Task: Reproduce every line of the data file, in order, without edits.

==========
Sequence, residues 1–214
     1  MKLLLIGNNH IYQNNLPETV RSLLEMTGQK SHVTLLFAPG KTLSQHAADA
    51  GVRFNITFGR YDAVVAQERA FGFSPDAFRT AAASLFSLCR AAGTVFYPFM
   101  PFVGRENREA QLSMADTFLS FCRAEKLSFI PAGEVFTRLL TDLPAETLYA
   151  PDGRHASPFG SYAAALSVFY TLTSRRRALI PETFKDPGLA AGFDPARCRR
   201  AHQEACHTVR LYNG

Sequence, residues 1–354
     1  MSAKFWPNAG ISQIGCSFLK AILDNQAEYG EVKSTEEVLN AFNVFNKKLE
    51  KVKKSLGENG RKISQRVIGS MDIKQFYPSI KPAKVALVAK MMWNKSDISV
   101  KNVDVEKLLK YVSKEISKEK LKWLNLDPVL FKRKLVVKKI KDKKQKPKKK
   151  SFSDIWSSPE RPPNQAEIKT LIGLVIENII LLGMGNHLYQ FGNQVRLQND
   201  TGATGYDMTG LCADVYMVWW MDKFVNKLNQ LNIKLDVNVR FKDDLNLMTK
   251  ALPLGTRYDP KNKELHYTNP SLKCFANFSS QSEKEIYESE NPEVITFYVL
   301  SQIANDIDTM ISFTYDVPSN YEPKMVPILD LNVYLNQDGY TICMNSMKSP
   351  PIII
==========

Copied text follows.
Sequence, residues 1–214
     1  MKLLLIGNNH IYQNNLPETV RSLLEMTGQK SHVTLLFAPG KTLSQHAADA
    51  GVRFNITFGR YDAVVAQERA FGFSPDAFRT AAASLFSLCR AAGTVFYPFM
   101  PFVGRENREA QLSMADTFLS FCRAEKLSFI PAGEVFTRLL TDLPAETLYA
   151  PDGRHASPFG SYAAALSVFY TLTSRRRALI PETFKDPGLA AGFDPARCRR
   201  AHQEACHTVR LYNG

Sequence, residues 1–354
     1  MSAKFWPNAG ISQIGCSFLK AILDNQAEYG EVKSTEEVLN AFNVFNKKLE
    51  KVKKSLGENG RKISQRVIGS MDIKQFYPSI KPAKVALVAK MMWNKSDISV
   101  KNVDVEKLLK YVSKEISKEK LKWLNLDPVL FKRKLVVKKI KDKKQKPKKK
   151  SFSDIWSSPE RPPNQAEIKT LIGLVIENII LLGMGNHLYQ FGNQVRLQND
   201  TGATGYDMTG LCADVYMVWW MDKFVNKLNQ LNIKLDVNVR FKDDLNLMTK
   251  ALPLGTRYDP KNKELHYTNP SLKCFANFSS QSEKEIYESE NPEVITFYVL
   301  SQIANDIDTM ISFTYDVPSN YEPKMVPILD LNVYLNQDGY TICMNSMKSP
   351  PIII